About Mah-Cheeta-Wookey Parker
White Parker (1887 – 1956) was a son of Mah-Cheeta-Wookey and Quanah Parker, chief of the Comanches. He married Laura E. Clark (1890-1962), a daughter of Reverend and Mrs. M. A. Clark, a former Methodist missionary to the Comanches. They had at least three children – Patty Bertha, Cynthia Ann Joy, and Milton Quanah (1914-1930). White Parker felt called to do missionary work among the Comanche people. He studied for this ministry at Cook Bible School in Phoenix, Arizona. He joined the Methodist Conference and performed his mission work under their supervision. The Parkers were active in the 1920s and 30s Saturday afternoon street meetings in Lawton, Oklahoma, which was led by Dr. J. Leighton Read.
In 1920, Parker played a lead role in the silent film, "The Daughter of Dawn," a silent film directed by Norbert A. Myles shot in the Wichita Mountains of Southwest Oklahoma. The story, played by an all-Indian cast of 300 Kiowas and Comanches, includes themes of love story, battle, dance, deceit, combat, and concludes with a happy ending. This is a historically important film in American cinema as it is the first full length movie of an American Indian story, and that uses all American Indian actors. This film is currently a work-in-progress restoration by the Oklahoma Historical Society.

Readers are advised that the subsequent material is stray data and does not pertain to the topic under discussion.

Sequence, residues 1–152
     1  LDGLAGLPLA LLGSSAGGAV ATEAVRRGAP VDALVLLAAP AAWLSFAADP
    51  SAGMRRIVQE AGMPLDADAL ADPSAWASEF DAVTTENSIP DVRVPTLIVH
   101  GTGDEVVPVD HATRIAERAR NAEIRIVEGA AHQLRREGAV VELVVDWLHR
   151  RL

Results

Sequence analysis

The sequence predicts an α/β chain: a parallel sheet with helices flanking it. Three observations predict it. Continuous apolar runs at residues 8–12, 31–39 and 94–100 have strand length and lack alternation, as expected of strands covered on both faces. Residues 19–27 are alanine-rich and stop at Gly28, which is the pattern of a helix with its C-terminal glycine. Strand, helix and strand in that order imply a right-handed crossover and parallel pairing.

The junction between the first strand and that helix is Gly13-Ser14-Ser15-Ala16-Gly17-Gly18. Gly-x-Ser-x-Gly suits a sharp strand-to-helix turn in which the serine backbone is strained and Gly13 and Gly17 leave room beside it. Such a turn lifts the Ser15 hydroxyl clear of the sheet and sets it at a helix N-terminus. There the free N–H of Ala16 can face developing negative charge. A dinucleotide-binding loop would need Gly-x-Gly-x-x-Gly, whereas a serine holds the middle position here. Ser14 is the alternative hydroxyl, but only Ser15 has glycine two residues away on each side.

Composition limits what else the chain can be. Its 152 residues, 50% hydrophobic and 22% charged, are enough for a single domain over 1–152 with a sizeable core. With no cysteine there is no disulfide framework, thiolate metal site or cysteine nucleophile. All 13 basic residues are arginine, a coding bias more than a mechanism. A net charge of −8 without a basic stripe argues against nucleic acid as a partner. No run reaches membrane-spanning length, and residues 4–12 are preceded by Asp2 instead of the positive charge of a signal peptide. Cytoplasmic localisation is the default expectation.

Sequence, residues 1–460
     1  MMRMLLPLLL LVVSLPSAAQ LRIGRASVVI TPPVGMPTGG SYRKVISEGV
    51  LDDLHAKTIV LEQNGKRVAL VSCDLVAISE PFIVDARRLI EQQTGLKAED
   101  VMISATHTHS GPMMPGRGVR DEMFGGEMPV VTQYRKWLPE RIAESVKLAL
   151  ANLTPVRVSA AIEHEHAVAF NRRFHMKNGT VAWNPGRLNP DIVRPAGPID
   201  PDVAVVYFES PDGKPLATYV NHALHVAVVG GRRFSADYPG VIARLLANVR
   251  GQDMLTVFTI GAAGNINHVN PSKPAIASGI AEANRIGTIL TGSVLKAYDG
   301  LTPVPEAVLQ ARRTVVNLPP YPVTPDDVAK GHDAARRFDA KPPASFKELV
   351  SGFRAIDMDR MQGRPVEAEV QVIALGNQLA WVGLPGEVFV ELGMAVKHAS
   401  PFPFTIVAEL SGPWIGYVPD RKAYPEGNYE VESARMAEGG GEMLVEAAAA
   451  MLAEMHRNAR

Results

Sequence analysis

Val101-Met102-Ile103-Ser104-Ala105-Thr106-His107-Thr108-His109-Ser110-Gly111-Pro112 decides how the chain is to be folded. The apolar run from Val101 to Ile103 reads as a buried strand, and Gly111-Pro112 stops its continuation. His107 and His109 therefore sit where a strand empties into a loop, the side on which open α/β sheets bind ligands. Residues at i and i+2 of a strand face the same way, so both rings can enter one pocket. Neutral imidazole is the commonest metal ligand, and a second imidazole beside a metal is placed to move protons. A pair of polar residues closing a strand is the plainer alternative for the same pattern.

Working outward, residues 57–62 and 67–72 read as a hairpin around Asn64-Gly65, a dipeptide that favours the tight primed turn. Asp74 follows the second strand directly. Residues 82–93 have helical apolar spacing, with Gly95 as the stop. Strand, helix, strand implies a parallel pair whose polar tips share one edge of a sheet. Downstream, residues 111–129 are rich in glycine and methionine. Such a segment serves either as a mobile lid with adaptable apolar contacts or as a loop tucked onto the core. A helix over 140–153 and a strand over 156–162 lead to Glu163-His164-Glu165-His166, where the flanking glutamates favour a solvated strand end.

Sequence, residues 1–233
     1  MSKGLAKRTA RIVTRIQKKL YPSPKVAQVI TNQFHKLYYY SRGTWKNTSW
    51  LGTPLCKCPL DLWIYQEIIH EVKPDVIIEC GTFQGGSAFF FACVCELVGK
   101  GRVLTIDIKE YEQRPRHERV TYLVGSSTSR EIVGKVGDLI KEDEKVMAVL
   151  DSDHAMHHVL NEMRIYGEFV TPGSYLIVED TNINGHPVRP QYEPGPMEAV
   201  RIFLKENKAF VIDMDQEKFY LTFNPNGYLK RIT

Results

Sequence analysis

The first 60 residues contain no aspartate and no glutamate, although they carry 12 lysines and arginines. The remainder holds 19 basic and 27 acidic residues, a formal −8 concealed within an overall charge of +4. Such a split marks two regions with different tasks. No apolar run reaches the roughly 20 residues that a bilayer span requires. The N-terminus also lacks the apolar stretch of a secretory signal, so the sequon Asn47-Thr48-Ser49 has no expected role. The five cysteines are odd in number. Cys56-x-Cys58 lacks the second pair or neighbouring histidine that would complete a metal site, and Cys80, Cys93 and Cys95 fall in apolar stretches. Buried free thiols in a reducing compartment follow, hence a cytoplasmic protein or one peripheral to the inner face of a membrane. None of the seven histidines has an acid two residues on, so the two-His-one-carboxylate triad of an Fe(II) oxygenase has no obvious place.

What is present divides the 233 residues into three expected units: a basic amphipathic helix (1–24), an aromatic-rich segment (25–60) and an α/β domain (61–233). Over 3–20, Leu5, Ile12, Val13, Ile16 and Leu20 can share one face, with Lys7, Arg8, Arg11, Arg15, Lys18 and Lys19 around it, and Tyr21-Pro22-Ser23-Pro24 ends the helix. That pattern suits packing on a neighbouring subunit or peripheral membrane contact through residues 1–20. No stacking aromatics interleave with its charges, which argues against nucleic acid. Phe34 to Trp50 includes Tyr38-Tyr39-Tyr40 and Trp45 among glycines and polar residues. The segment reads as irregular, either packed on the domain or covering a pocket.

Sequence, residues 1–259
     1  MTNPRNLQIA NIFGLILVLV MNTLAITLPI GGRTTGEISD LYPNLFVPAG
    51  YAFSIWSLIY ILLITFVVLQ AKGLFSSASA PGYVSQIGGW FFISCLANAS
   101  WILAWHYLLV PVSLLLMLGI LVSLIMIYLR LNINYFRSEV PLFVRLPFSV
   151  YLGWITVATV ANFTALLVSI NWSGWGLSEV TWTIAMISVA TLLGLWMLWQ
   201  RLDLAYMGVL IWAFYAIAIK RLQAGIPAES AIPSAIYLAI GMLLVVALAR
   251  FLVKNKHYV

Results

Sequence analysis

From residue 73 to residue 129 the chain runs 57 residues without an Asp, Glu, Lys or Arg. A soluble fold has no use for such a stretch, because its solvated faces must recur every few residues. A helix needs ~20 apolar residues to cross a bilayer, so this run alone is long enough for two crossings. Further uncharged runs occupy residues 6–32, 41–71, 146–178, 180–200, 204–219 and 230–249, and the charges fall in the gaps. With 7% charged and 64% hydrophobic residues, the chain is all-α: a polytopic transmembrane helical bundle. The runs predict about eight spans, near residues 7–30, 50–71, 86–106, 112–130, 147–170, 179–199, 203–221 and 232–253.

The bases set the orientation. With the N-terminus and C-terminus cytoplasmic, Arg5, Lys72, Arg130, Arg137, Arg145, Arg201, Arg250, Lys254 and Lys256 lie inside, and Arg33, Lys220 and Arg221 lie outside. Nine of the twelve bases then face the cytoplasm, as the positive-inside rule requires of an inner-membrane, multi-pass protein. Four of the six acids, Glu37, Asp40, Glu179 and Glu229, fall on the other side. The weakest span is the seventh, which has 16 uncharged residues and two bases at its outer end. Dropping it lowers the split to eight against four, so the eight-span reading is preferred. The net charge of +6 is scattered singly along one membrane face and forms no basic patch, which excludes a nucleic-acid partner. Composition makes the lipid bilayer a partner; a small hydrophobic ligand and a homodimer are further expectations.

Parker had a varied religious background. His father was a member of and leader in the Native American Church. The Parker family brought the first non-Catholic church to the state of Texas. He received his education at a Presbyterian/Reformed institution, but affiliated with the Methodists when no Reformed missionary appointment was available.
White Parker and his wife are buried in the Highland Cemetery, Lawton, Comanche County, Oklahoma.